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Six sports activities to practice with your dog

Playing sports with your dog is the best way to strengthen the bond with your pet while allowing him to expend his energy, as well as yours! Whether you are a sportsman or not, you probably want to share an activity where you can grow together; fortunately, there is a wide choice of dog sports but also other fun disciplines that you can practice alone with your companion or in a club.
In this article, you will find 6 examples of sports activities that you can practice with your dog: they are all based on play, obedience, the desire to learn and complicity.
The agility-dog
Agility is without a doubt the number one dog sport; all dogs can practice it and it is both tonic and highly educational. Indeed, the practice of agility will develop the communication between the dog and his owner, and the listening and attention capacities of your animal. This sport also requires a good knowledge of the basics of dog training on the part of the master, which makes it a discipline in its own right where it is rewarding to invest in personal development.
But what is agility? It is to carry out obstacle courses more or less fast and complex, at the sides of the dog which must learn to react to the indications of its Master. It is therefore a perfect activity for races that have a lot of energy and want to please. Agility is most often practiced in a club, but it is also possible to create your own courses at home if you have a large garden, in order to improve at your own pace between sessions and to prepare more assiduously for competitions.

Canicross consists of a duo race with your dog; it is reserved for people and dogs with a good physical condition because it is a sport that can become very athletic, especially if practiced in competition. Of course, canicross can also be practiced at a more leisurely pace, for this reason it can also be an unpretentious family activity on Sunday afternoon!
There are also variations such as canimarche (endurance walking) and canicyclocross for cyclists. The most important thing is to find the version that suits you best, the right rhythm and to develop a harmony with your dog in order to reach a perfect course within the given time. The objectives can be varied and adapted to each dog, on a course determined in advance by yourself if you practice independently or by the organizing clubs during competitions. Whatever the frequency and intensity, canicross is above all a way to discover nature with your pet.
Another classic dog sport. Frisbee can be played anywhere, as long as you have enough space: in your yard, on the beach, or on outings to the park or country. It has the advantage of being very playful and accessible to all types of dogs, as long as they enjoy playing and retrieving. Frisbee can also be coupled with obedience and give rise to a more competitive practice proposed by clubs, such as ultimate, but there are other Frisbee disciplines: disc dog, freestyle etc.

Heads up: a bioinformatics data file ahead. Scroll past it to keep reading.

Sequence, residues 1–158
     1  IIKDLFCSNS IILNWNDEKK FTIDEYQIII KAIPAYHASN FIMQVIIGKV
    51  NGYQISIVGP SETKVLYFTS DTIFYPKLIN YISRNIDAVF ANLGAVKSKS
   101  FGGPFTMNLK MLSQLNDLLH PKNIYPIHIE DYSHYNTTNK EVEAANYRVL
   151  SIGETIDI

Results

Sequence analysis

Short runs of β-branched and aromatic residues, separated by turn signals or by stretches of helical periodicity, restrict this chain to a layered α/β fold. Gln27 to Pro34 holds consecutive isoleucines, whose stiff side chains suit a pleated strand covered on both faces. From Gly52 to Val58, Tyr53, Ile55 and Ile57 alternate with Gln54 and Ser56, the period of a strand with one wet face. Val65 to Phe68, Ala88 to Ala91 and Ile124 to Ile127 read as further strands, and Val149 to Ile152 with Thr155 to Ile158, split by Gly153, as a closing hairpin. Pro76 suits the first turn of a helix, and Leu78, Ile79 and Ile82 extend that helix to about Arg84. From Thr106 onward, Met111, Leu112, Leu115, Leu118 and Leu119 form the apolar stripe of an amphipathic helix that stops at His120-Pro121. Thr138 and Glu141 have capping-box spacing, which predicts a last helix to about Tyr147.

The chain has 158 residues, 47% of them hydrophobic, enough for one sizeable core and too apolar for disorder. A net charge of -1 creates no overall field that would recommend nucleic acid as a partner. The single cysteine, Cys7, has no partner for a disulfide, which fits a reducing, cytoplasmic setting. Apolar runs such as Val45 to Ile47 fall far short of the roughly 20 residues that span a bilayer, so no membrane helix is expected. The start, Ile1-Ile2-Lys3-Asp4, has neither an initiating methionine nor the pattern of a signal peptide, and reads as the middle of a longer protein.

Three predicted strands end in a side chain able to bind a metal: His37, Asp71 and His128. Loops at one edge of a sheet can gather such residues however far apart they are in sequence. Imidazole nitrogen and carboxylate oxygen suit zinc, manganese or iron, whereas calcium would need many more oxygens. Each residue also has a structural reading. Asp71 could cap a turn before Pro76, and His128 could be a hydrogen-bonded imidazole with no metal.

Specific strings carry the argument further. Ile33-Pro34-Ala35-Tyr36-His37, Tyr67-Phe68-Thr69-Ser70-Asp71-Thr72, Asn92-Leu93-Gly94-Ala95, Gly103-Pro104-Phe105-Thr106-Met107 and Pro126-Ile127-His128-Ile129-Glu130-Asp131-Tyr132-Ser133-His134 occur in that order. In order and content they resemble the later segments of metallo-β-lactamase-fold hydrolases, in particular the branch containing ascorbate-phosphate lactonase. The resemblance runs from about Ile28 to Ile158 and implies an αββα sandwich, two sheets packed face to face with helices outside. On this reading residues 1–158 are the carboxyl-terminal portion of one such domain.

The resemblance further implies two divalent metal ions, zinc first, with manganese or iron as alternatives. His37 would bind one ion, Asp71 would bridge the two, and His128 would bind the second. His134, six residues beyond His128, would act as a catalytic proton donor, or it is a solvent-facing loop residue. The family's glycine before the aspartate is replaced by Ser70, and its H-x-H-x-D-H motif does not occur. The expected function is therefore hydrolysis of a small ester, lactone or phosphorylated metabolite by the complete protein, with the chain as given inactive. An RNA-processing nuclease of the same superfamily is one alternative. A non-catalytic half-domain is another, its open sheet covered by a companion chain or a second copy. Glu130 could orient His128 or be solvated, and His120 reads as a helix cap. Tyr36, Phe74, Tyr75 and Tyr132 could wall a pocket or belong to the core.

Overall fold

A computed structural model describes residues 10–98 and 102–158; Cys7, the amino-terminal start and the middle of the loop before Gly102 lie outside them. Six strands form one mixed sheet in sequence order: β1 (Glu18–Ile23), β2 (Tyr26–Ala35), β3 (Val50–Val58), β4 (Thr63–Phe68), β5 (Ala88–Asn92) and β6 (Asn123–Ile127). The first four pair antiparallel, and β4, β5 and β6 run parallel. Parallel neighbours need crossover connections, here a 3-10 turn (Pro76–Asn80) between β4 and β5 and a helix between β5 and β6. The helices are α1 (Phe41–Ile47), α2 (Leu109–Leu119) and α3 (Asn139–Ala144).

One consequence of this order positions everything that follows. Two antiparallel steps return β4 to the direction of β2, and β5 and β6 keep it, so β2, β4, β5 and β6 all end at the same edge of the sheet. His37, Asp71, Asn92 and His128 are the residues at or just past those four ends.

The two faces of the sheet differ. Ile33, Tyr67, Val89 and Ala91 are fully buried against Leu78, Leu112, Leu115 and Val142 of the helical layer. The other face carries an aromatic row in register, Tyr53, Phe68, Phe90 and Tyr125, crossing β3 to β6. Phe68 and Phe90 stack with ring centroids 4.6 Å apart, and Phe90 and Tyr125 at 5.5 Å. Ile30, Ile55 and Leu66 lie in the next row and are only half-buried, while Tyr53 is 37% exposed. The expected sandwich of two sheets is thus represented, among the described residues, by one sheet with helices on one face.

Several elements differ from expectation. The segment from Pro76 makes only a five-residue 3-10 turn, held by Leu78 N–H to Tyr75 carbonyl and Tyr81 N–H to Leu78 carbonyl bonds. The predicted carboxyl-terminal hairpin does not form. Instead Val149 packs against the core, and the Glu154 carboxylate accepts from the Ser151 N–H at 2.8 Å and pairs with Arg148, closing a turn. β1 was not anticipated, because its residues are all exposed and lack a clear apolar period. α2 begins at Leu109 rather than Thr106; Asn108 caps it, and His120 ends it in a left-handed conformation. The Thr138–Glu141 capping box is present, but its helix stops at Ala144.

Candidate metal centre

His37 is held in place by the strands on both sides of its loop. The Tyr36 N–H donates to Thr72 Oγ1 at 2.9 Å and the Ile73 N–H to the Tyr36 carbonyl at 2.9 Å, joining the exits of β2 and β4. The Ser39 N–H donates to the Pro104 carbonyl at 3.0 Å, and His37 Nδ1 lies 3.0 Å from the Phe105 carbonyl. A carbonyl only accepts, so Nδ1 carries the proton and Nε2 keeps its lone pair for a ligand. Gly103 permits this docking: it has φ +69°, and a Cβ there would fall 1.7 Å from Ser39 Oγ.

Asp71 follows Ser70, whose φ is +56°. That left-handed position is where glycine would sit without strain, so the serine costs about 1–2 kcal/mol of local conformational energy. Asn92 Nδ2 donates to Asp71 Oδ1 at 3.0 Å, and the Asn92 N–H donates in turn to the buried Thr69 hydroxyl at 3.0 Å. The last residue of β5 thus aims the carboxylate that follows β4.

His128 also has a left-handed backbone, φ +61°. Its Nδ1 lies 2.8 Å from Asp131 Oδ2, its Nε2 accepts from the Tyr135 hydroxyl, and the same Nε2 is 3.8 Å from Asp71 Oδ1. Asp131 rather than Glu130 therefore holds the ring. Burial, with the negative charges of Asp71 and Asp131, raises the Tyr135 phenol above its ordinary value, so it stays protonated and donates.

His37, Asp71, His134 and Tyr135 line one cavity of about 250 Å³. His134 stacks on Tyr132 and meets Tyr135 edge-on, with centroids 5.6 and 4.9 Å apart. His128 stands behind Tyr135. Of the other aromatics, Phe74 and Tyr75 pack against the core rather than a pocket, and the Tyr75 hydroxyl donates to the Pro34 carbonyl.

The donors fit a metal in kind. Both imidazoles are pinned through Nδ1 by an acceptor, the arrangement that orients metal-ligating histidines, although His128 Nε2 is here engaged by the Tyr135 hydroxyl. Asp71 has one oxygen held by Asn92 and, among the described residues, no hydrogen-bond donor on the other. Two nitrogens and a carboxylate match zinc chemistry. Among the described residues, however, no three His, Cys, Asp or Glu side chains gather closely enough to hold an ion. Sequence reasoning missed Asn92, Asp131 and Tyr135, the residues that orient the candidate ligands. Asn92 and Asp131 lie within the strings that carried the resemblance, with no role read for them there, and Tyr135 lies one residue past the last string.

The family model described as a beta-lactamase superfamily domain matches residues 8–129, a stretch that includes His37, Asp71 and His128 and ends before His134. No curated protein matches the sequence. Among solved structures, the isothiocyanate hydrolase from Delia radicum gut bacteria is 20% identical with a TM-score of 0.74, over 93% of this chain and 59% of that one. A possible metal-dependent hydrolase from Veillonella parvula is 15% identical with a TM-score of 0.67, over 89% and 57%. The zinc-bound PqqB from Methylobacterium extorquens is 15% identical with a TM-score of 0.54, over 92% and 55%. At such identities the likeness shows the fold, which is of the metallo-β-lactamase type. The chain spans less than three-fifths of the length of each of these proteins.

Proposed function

These games consist in making the dog bring back the flying disc over more or less long distances and as fast as possible. Small and medium sized sheepdogs (border collie, Australian shepherd) but also small breeds like Jack Russel and other terriers are most often fond of this sport. In competition, the challenge is that the dog must bring the flying disc back and forth, in a circle, or in pairs with the handler, all of which are timed.
Rhythmic obedience
Sometimes called "dog dancing", this discipline is a fun way to train your dog. It requires a lot of repetition, rigor and patience to perform choreographies to music with your four-legged friend. This activity developed in England and the United States before becoming popular in all European countries; in France, the Société Centrale Canine recently recognized it as an official sport.
The principle of the dog dance is to make the dog do "tricks" in perfect harmony with all the steps and gestures of his master, in order to give birth to a creative and rhythmic staging. Thus, it brings into play the reflexes and obedience of the animal in complicity with its master, who must show creativity.
Tracking is a sport that aims to develop and evaluate the olfactory qualities of the dog during competitions: the dog must find and follow a track using its sense of smell. This activity is practiced outdoors on different types of terrain - fields, meadows, forests, etc. In terms of training, tracking is very beneficial because the dog must be able to stay focused on the task, despite external events that might distract him. It is therefore an interesting discipline to practice in order to learn how to channel one's animal and improve its listening and concentration skills.
Inspired by the utilitarian tracking practiced by the police, tracking in competition can be done in a free way (the dog walks without its master and has to bring the object back to the end of the track) or in a "bloodhound line" (the dog moves with the master, attached by a cord). Follow-up courses can be accompanied by an obedience test and a defense test (RCI follow-up).
Water work
This dog sport is for water dogs such as Newfoundland, Leonberg and Retriever (Labrador or Golden). It is directly inspired by dog rescue exercises and allows the dog to exercise while developing obedience and courage. Although it should remain a pleasure above all, and that is why it is intended for swimming dogs that are naturally attracted to water, it is a demanding and rigorous activity. It is recommended to join a specialized club to practice water work in a supervised manner in complete safety.

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